5. Opalized gastropod?

    I've seen a lot of opalized fossils but none exactly like this so I was wondering if anybody could help me pinpoint exactly what it is and if it holds any value? The specimen is roughly 25 mm, semi translucent and has a fair amount of color.
  6. From the album Eastern NY Fossil Hunts

    Platystoma ventricosa Leptocoelia flabellites Devonian Found in 2018 from Glenerie, NY
  7. Penn Dixie Round 1

    This year I pulled the trigger on heading to Penn Dixie for the Dig With the Experts weekend! Definitely would highly recommend . I drove up from Boston to the Buffalo area on Thursday and spent the day Friday digging with @Malcolmt and @JamesAndTheFossilPeach. It was a blast! Thanks again guys for giving me a lay of the land. Credit to @JamesAndTheFossilPeach for the find of the day with a giant Eldredgeops (pic below). Saturday and Sunday were spent looking for trilobites in the roped off Dig With the Experts section of excavated shale with some success. Monday I drove back to Boston, and stopped to stretch my legs in Glenerie, NY to walk a stretch of road looking for Devonian brachiopods and gastropods. Got a couple! All in all, a great trip... although I'm nice and sore . Here are my takeaways from the weekend. I tried to get a bit of the entire Penn Dixie Ecosystem keeping at least one of everything and as many trilobites as I could find. I wish I took more pictures Saturday and Sunday, but I was too busy splitting shale . Cheers, Barret
  8. ID request round items on rock

    Good morning, this item is cross posted on Facebook. This cool rock was found in the surf at Onslow Beach in Jacksonville NC. There are Gastropods, unidentified shell and mystery circles/ovals by the hundreds if not thousands. My question is what are these little round areas? The rock is shown wet in order to bring out the features listed. Size 1.5” x 1”. The rock is smooth to touch despite seeing texture in photo. Thank you in advance!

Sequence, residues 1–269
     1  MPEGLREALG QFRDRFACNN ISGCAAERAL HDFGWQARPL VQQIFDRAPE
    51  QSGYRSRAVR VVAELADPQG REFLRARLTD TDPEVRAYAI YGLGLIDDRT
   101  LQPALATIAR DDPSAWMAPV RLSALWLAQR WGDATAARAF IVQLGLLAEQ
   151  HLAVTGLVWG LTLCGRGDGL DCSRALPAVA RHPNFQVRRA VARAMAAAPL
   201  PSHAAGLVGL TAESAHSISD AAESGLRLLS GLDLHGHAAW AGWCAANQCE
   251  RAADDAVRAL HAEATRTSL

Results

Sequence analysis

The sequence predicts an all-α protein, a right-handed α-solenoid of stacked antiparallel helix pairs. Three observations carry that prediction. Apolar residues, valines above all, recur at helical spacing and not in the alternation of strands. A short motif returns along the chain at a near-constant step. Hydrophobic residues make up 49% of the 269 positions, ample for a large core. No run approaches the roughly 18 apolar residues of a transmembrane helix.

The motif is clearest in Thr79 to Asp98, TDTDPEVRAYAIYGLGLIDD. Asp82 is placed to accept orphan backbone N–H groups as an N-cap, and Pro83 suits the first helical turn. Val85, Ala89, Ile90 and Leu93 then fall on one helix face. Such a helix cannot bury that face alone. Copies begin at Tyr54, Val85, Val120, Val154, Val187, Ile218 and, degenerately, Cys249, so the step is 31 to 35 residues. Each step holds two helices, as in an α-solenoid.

9. Florida gastropod ID help

    Hey Gang, Looking for some help on what these guys are. Family and/or Genus would be great. Probably Tampa member of the Arcadia formation? Hillsborough county, Florida. Miocene? Here's unfortunately a real lousy comparative photo of the other specimen, but with a much better view of the shape of the aperature. Any help is appreciated. Thanks! Regards, Chris
  10. Last Saturday (April 6th, 2019) my wife and I made our second trip to Tully, NY to search for trilobite fossils. Unfortunately this was the second time I was unable to find a complete trilobite; I'll keep searching for them in other locations. I did find some other fossils that I thought were interesting enough to keep. The first photo is of the hill in Tully that I searched. On our first trip I tried to cover the entire hill while we were there, on our second trip I concentrated on smaller areas and had better results with finding fossils. A gastropod fossil which is next to another fossil that is round, flat and has a spiral pattern that is difficult to see in the photo. I found many brachiopods and some bivalves. This is the longest crinoid stem that I've found so far at Tully, it is about 13/4 inches in length. I'm guessing this is another crinoid stem. It has a much larger diameter than the other crinoid stems that I've found and it has "spikes". And two very small pieces of fossil from trilobites, which I was happy to find even though they are not complete. Thanks for looking.
  11. Gastros Lunatia.JPG

    From the album Central Texas Fossils

    Large Gastropods Lunatia Found in Hays County
  12. Fossil hunting in the Ardennes

    Hello All Today and the next five days I'm on a family trip in the Ardennes. I am close to the region around Hotton. This is known for the many invertebrate fossils that can be found here. I went to a quarry first. I had to get permission from the owners but they gave if I didn't break the obvious rules of fossilhunting in an active quarry. The weather was very nice and the fossils numerous. What else does a fossilhunter want? I searched in an the loose rocks and didn't even had to use my hammer. The ground here is littered with fossil corals. In 5 minutes I found about 20 pieces. I have no Idea of the species yet.
  13. Gastro Turritella.JPG

    From the album Central Texas Fossils

    Gastropod Turiltella Commonly known as Rattlesnake Tails Found in Hays, Comal and Blanco Counties
  14. Gastro Leptomaria (2).JPG

    From the album Central Texas Fossils

    Gastropod Snail Leptomaria Found in Hays County
  15. Gastro Cerithium.JPG

    From the album Central Texas Fossils

    Gastropods Cerithium Snail Found in Blanco and Blanco Counties
  16. gastro anchura (2).JPG

    From the album Central Texas Fossils